The Nation

And now, a good summary of what really ails SMEs in Thailand:

Product development is not the main concern for SMEs

Re: "Thousands of SMEs predicted to go under", Business, November 20.

A government office giving suggestions about product development sounds like a bad idea. As the owner of a small SME (small and medium-sized enterprise) going for the high value-added, high-tech market, competing directly with European products, I think the biggest problems are:

1. Lack of skilled staff

2. Suppliers responding too slowly. In Singapore and China we receive quotations the same day. In Thailand it takes a week - but only after calling the supplier daily.

3. People not doing what they say they will do.

Please address these fundamental issues first, as they are the main reasons SMEs go under, not the products.



Saturday, November 18, 2006

Thailand's IP double standards -- the baby lizard with the forked tongue wants somethng for nothing

Why don't the Thais get rid of the IT black market at nearly every shopping mall in Bangkok, Panthip in particular, before whining about someone patenting a drink with lychee flavoring in it, or bitching to the WTO about shrimp import quotas. Last I checked, the WTO considers intellectual property rights to be an important element of cross border trade that each and every member is expected to do their part to uphold and protect. Thailand has failed miserably at this, due to lack of honest effort. If the US decided to take this to the WTO, I am sure they would 'win'. But as a certain Thai trade negotiator is about to find out, 'winning' at the WTO is not the same as winning favorable trade for your country. That is done through trust, mutual respect for protocol, and competent negotiation between the two countries. The US side keeps showing up, ready to do business, but where are their competent counterparts on the Thai side?

Re: "Warning over Apec-wide FTA", Business, November 16.

This article warns about the possible dangers of an Asia-Pacific free trade area and the fact that the US wishes to enforce its intellectual property rules.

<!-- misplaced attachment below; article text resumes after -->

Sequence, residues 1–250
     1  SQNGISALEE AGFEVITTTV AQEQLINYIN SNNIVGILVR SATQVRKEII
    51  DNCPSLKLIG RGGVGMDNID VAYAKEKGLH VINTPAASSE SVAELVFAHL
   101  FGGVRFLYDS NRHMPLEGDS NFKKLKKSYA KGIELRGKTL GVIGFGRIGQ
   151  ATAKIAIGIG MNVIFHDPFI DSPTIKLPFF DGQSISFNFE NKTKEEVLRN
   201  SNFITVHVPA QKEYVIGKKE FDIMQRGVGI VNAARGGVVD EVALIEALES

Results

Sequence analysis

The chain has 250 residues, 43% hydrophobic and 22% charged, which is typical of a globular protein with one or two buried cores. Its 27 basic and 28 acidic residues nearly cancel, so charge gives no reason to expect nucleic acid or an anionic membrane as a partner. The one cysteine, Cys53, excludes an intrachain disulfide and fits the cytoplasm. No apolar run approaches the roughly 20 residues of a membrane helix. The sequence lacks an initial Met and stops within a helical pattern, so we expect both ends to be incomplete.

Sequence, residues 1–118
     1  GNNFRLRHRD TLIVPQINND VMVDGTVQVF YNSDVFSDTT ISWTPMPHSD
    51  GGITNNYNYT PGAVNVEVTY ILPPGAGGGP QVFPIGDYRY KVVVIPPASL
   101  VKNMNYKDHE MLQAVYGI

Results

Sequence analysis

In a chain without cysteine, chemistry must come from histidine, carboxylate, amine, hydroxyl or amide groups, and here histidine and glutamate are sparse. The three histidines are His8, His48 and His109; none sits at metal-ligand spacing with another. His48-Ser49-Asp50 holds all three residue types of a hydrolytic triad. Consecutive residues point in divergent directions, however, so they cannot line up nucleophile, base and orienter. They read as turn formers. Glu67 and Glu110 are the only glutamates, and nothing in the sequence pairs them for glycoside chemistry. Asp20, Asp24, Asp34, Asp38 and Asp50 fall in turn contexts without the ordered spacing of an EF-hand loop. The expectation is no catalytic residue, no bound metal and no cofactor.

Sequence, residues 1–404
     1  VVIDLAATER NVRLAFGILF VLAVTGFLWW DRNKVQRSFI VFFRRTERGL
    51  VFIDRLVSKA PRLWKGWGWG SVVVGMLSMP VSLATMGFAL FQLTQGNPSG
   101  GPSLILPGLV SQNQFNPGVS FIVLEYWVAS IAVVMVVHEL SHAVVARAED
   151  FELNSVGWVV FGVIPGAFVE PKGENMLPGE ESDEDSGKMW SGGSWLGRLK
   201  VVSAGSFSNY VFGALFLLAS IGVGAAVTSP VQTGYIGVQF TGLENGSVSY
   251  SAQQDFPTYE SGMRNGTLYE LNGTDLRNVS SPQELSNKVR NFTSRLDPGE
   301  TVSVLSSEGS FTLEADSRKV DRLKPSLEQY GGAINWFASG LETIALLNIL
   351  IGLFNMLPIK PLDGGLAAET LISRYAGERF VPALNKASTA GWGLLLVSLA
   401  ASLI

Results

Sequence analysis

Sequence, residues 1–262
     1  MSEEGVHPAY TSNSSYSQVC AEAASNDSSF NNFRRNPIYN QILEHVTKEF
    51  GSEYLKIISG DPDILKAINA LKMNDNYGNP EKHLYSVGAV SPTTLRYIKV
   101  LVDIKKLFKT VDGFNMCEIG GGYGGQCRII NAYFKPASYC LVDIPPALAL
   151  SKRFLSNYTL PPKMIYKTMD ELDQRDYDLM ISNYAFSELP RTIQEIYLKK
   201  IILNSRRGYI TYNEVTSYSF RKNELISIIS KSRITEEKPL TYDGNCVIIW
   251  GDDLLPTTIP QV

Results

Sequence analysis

Some time back, a letter from a Thai professor stated words to the effect that, "Those cunning Americans will enforce ... IT rules ... [which would] cost Thais billions".

A few days later there was an article about an American company that wanted a patent on some kind of Thai fruit drink. This was met with fierce opposition in Thailand and a vehement desire to protect Thailand's intellectual property.

I don't care if the US trades with Thailand or not, but how do you deal with people who admit to being pirates and have two sets of standards?

Raymond O'Neal


21 hurt as Thai Airways nearly collides with Korean jetliner

Total silence from the Thais on this. Accountability? Just last year, another Thailand based carrier, Phuket Air, was banned from landing at European airports due to longstanding failure to correct a variety of serious safety issues. It was Phuket Air which famously criticized passengers after an incident in which takeoff was aborted due to panic over copious amounts of aviation fuel spilling from the wing of one of their aircraft.

from The Nation:

21 hurt in plane's near-miss over SKorea

A THAI aircraft was suspected of flying on the same altitude of a Taiwanese plane and nearly caused collision.

SEOUL - Twenty-one people aboard a Taiwanese plane were injured Thursday when it was forced to change course to avoid another aircraft while approaching South Korea's Jeju island, airline officials said.

Nineteen of them needed hospital treatment and three are still in hospital including one with a brain haemorrhage, medical staff said.

The accident happened when a Boeing 757 operated by the Far Eastern Air Transport Corporation was approaching the southern resort island.

Airline spokesman Chang You-peng said the plane was told by flight controllers to reduce altitude from 35,000 feet to 34,000 feet.

But an alarm designed to avoid airborne collisions went off, prompting the pilots to make an emergency descent for around 10 seconds, Chang told AFP in Taipei.

"The pilots said they suspected it was a Thai jetliner flying nearby on the same altitude," he added, praising their "correct and proper" handling of the incident.

The pilots had no time to warn passengers of the sudden descent, Chang said, adding that 16 passengers and five crew were injured out of 129 passengers and eight crew members on board.

Medical officials in Jeju said two people suffered fractured ribs and one had a brain haemorrhage.,

Chang said around half the passengers were en route to Shanghai and were transiting in South Korea.

A four-member team from South Korea's transport ministry was sent to Jeju to investigate.

"An investigation will be carried out to determine the cause of the accident by analyzing the cockpit voice recorder and flight data recorder of the aircraft and interviewing the pilots, flight attendants and passengers," said ministry official Byeon Soon-Cheol.

"We don't know yet what caused the airplane to lose height so suddenly."

An official at Incheon Air Traffic Centre said the flight lost height some 50-60 miles (31-37 miles) south of Jeju.

"It is true that a Thai Airways aircraft was flying nearby," said the official, adding that it was bound for Bangkok after taking off from Incheon west of Seoul.